How did life start as we know it? In the scientific community, the “RNA World Hypothesis“ has many adherents. Many believed that life came about as a result of the existence of the simplest molecule, such as RNA. Perceptibly, RNA shows signs of somewhat being “alive” — at least in the sense that it carries a genetic code and capable of self-replicating. In essence, RNA could be the earliest biomolecule. Subsequently, other organic molecules came about. However, a new hypothesis is gaining a grip. Accordingly, RNA and its close relative – DNA – might have existed side by side during the primordial times, even before life began.
RNA World Hypothesis
In RNA world hypothesis, primitive life is presumably RNA-based. This assumption arose from the notion that RNA could act both as a genetic material and as a catalyst. In due time, primitive RNA-based entities have transitioned into compartmentalized life forms (in the form of cells) for over many millions of years. Possibly, the RNA-based life dominated the primitive Earth and then served as the descendant of the present-day living organisms.1 Carl Woese, an American microbiologist and biophysicist, is hailed as the originator of the RNA World hypothesis. Accordingly, he conjectured in 1967 that the earliest self-replicating life entities could have relied on RNA.2
Theory on the Origin of RNA
How RNA emerged or came about still puzzles scientists. Where did RNA come from? Did it come from the Earth’s more nascent, rudimentary units? … or perhaps, the building blocks for RNA came down to Earth from the outer space? According to scientists, RNA seemingly came from, and synthesized in, the asteroids from the outer space. Apparently, they reached the Earth through meteorites. NASA reported that they found RNA and DNA nucleobases (e.g. adenine, guanine) in meteorites. These could have led to the spontaneous creation of RNA and DNA on Earth.3 In March 2015, researchers reported that pyrimidines uracil, cytosine, and thymine formed in their laboratory under outer space conditions and using precursors such as compounds present in meteorites.4
In essence, DNA is a more complex compound than RNA. While RNA occurs as a single strand, DNA exists as two strands that typically wound in a helix. Similar to RNA, DNA consists of multiple nucleotides covalently bonded by 3′, 5′ phosphodiester linkages. Each nucleotide, in turn, contains phosphoric acid, a deoxyribose sugar (5-carbon), and a nucleobase (particularly, cytosine, guanine, adenine, and thymine). Thymine is a distinctive structural feature of DNA. In DNA, thymine takes the place of uracil. Having discovered that these building blocks could form under pre-biotic conditions causes scientists to rethink the origin of life.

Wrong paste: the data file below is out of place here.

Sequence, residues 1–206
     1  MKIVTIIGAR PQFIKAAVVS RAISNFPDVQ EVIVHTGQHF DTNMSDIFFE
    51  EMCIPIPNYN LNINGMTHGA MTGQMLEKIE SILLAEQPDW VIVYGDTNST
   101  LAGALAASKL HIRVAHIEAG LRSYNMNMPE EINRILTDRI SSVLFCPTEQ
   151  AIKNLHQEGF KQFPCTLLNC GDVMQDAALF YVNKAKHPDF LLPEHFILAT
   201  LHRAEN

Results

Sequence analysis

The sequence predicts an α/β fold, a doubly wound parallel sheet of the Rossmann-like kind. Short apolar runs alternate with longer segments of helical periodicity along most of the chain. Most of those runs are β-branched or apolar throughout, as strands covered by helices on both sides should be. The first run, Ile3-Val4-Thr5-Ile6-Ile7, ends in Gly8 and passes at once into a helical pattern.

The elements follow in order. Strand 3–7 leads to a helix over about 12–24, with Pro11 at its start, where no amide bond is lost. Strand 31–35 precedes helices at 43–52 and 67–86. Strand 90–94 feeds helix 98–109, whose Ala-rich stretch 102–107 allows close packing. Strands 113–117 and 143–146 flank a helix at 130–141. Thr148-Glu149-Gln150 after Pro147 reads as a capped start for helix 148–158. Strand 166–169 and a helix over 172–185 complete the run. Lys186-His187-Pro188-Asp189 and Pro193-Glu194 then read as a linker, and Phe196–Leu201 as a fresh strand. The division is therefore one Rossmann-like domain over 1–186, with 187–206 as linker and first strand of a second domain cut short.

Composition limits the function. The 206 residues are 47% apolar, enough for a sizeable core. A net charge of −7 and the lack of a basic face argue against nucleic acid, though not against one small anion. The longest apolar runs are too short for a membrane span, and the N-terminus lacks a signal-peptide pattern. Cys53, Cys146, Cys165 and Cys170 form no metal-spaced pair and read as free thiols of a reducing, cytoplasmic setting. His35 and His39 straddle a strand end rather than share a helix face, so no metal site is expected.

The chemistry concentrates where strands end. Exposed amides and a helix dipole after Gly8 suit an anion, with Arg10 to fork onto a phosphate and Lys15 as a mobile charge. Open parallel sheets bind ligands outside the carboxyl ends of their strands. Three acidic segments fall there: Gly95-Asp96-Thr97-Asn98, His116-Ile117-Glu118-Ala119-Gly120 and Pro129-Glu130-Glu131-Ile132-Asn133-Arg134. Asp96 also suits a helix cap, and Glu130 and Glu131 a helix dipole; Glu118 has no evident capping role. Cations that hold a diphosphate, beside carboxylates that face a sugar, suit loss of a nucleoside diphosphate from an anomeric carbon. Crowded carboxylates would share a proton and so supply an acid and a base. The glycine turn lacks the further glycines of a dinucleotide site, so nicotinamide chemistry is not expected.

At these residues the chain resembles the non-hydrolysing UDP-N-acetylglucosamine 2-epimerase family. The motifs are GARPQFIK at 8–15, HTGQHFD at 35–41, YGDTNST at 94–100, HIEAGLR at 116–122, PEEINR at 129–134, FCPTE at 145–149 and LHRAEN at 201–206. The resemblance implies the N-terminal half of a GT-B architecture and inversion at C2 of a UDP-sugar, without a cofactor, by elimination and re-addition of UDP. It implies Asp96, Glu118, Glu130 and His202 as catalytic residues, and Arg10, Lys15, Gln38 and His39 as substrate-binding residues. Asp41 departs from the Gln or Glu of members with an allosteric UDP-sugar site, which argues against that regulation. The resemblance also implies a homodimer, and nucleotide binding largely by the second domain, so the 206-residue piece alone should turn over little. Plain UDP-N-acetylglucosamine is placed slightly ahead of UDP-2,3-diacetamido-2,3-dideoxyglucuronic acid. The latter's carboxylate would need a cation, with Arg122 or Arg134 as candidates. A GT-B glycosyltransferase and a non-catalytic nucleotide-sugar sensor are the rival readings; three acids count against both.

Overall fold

A research team reported how chains of nucleic acids could form in a pre-biotic environment and how RNA could easily turn into DNA components even without the assistance of enzymes. Ramanarayanan Krishnamurthy, one of the researchers, said, “These new findings suggest that it may not be reasonable for chemists to be so heavily guided by the RNA World hypothesis in investigating the origins of life on Earth.”5
They surmised that the primitive Earth is no pure RNA. DNA might have existed side by side with RNA and it probably even competed for supremacy, until the DNA system eventually reigned over.
They published their report in Nature.6
— written by Maria Victoria Gonzaga
1 Biology-Online Editors. (2014, May 12). Ribonucleic acid. Retrieved from Biology-online.org website: [Link]
2 Woese, C. (1967). The Genetic Code: the Molecular basis for Genetic Expression. New York: Harper & Row.
3 NASA – NASA Researchers: DNA Building Blocks Can Be Made in Space. (2011, January 1). Retrieved NASA website: [Link]
4 Marlaire, R. (3 March 2015). “NASA Ames Reproduces the Building Blocks of Life in Laboratory”. Retrieved from NASA website: [Link]
5 McRae, M. (2019). DNA And RNA May Have Existed Together Before Life Began on Earth. Retrieved April 6, 2019, from ScienceAlert website: [Link]
6 Xu, J., Green, N. J., Gibard, C., Krishnamurthy, R., & Sutherland, J. D. (2019). Prebiotic phosphorylation of 2-thiouridine provides either nucleotides or DNA building blocks via photoreduction. Nature Chemistry. [Link]